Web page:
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Cyclists see strong bike culture in new state law

Herald-Dispatch photo by Sholten Singer Josh Dygert cycles home after a day in the office on Wednesday, June 4, 2014, in Huntington. New laws are in effect to protect individual bike riders on W.Va. roads.
Herald-Dispatch photo by Sholten Singer
Josh Dygert cycles home after a day in the office on Wednesday, June 4, 2014, in Huntington. New laws are in effect to protect individual bike riders on W.Va. roads.

HUNTINGTON, W.Va. — Local cyclists seem to generally approve of new traffic laws in West Virginia to protect them, though many say the increasing number of riders on city streets already has created something of a truce with motorists.

The new law that passed the 2014 state Legislature session went into effect Tuesday and requires vehicles to give cyclists a three-foot cushion when passing a bike on a roadway. The law also does away with a former provision that required cyclists to use an adjacent path instead of the road if it was available.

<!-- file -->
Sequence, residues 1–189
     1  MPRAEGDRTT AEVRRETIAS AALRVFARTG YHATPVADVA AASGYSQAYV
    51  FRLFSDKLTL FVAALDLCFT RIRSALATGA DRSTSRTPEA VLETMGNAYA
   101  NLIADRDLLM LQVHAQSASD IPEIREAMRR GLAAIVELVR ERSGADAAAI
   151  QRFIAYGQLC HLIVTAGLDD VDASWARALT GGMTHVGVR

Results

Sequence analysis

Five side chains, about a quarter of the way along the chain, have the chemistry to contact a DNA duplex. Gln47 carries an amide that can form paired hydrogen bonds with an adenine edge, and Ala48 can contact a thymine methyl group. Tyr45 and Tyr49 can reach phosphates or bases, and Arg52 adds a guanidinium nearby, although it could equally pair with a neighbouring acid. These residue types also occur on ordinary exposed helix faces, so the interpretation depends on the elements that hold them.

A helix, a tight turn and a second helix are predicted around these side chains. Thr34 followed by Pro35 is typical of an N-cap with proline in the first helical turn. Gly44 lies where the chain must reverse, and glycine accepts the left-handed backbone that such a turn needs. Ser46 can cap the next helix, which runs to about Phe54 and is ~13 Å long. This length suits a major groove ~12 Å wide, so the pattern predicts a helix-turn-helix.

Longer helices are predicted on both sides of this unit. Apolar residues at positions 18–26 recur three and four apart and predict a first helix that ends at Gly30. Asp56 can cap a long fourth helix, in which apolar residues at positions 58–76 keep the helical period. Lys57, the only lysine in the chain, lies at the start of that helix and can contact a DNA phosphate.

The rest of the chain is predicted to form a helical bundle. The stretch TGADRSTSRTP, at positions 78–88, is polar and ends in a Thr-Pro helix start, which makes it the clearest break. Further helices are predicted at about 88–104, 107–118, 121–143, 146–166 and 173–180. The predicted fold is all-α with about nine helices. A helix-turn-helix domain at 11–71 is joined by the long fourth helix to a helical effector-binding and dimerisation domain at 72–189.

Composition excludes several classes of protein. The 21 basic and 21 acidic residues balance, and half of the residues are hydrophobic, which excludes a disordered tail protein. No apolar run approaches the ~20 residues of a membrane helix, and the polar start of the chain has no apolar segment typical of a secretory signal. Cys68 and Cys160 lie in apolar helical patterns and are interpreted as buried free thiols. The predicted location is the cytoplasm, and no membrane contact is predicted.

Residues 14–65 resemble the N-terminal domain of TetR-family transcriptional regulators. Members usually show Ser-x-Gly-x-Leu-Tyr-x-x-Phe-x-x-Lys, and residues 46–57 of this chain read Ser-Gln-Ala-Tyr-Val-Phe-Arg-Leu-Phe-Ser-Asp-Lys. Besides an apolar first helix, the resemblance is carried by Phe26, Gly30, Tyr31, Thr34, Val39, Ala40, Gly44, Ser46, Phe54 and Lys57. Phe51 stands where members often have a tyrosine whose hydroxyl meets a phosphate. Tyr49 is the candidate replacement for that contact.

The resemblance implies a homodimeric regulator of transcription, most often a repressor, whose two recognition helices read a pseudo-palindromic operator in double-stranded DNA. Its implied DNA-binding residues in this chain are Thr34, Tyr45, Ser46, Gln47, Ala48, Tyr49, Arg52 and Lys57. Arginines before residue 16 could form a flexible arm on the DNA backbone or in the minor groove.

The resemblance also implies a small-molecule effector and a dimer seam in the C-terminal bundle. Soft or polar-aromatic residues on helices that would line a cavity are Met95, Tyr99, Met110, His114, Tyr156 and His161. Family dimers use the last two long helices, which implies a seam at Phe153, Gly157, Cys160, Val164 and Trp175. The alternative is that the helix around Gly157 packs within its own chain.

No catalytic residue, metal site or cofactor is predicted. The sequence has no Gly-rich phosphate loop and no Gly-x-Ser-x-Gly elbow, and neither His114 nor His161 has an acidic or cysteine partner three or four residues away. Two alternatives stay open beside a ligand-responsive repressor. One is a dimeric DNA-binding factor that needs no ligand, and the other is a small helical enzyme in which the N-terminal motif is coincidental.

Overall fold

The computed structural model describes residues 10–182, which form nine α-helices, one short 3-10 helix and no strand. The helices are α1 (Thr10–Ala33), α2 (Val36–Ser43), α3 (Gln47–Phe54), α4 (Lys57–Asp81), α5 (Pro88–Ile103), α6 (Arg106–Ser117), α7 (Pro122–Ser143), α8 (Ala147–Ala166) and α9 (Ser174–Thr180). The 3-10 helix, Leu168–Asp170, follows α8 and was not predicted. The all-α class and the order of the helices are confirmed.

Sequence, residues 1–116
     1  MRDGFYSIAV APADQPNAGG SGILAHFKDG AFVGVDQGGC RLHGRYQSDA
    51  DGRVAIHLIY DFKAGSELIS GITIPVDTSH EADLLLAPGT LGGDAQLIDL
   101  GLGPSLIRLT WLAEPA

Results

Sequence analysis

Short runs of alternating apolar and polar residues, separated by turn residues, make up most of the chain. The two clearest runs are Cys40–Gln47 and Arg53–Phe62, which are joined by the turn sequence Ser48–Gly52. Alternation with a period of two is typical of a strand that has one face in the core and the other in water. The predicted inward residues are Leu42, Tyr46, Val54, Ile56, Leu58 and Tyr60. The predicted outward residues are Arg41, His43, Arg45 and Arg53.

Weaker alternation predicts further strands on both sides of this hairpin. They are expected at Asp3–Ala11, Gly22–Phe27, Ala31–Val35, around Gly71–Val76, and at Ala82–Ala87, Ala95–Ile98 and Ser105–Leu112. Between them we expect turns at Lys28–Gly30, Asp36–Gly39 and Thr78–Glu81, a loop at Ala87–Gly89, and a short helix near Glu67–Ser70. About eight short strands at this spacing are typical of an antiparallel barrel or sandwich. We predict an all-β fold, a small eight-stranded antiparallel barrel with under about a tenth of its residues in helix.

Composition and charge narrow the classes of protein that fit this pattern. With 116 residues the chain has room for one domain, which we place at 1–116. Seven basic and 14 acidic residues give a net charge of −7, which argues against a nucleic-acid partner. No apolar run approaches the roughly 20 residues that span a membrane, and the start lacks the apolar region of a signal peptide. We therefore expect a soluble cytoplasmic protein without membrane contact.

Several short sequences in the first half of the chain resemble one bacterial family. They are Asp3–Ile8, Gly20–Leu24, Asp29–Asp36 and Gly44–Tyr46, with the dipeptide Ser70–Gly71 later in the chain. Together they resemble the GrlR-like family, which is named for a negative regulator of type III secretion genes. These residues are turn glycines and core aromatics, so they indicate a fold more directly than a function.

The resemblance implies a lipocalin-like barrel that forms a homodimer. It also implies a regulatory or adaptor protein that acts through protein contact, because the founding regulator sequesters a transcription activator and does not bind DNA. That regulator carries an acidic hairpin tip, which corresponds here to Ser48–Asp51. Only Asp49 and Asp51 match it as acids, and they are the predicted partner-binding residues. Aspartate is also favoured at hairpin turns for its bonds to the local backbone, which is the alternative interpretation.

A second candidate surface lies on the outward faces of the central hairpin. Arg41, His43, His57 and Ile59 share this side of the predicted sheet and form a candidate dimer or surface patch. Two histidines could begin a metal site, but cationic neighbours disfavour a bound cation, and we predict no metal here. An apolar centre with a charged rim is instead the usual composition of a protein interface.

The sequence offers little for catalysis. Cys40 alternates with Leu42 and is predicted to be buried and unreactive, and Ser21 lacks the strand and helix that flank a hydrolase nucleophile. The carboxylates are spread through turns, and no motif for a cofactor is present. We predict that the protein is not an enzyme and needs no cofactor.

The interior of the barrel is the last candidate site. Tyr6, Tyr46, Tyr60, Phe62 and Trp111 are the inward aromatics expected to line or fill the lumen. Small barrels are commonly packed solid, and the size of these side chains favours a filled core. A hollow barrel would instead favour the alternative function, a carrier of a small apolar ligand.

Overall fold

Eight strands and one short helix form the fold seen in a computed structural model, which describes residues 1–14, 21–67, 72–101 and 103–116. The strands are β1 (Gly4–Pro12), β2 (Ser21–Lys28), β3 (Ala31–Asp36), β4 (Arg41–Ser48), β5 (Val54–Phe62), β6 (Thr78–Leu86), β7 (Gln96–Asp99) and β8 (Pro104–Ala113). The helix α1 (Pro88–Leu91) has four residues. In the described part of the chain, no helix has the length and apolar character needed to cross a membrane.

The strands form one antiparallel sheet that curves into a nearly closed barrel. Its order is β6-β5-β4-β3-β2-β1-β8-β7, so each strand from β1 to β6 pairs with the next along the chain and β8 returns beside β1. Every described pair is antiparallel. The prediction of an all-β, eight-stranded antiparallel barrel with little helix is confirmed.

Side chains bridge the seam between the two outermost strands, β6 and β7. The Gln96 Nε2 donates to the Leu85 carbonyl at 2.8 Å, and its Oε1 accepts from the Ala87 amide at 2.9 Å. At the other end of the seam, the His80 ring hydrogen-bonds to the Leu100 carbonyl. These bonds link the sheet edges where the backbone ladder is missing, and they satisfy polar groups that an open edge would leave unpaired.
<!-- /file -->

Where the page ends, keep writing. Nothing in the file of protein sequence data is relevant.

“Riding in a neighborhood with sidewalks, that’s what you want for your 6- or 8- or 10-year-old kid, maybe,” said Ed Tucker of Edward Tucker Architects in Huntington. “But there’s also common sense. You don’t want someone barreling down a sidewalk at 20 miles per hour.

“To have clarity in the law for motorists and cyclists is helpful.”

Tucker lives about two miles from his office and frequently bikes to work. He’s been riding on roads since the mid-1980s when he lived in Nashville.

“Certainly you’ve seen motorists become more tolerant over the past 20 to 30 years,” he said.

The cycling scene in Huntington has been on the cusp of exploding in recent years, with projects like the Paul Ambrose Trail for Health (PATH) and Critical Mass bringing cyclists together and encouraging others to take up the activity…

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